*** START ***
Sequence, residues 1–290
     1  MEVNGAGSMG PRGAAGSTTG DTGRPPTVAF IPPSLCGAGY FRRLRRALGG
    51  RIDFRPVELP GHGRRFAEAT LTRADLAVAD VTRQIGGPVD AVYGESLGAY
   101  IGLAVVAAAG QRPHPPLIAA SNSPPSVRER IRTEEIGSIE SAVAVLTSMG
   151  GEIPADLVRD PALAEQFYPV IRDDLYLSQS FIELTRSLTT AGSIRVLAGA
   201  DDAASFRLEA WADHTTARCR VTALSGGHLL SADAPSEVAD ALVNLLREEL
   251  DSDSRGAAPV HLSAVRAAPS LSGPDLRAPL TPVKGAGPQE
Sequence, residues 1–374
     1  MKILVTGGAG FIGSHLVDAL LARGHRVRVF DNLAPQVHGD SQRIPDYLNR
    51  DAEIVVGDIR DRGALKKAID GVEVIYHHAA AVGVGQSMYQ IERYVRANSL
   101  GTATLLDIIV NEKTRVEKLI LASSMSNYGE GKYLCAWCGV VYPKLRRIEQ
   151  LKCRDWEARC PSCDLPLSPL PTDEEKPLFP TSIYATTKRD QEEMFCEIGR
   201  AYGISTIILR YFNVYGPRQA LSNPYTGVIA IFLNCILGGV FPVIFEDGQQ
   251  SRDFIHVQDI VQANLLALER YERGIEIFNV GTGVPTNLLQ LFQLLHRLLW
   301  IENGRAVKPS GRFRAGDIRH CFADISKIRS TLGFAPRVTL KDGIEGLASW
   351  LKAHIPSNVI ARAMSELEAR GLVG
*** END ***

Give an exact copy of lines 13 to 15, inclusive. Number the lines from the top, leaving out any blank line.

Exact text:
   201  AYGISTIILR YFNVYGPRQA LSNPYTGVIA IFLNCILGGV FPVIFEDGQQ
   251  SRDFIHVQDI VQANLLALER YERGIEIFNV GTGVPTNLLQ LFQLLHRLLW
   301  IENGRAVKPS GRFRAGDIRH CFADISKIRS TLGFAPRVTL KDGIEGLASW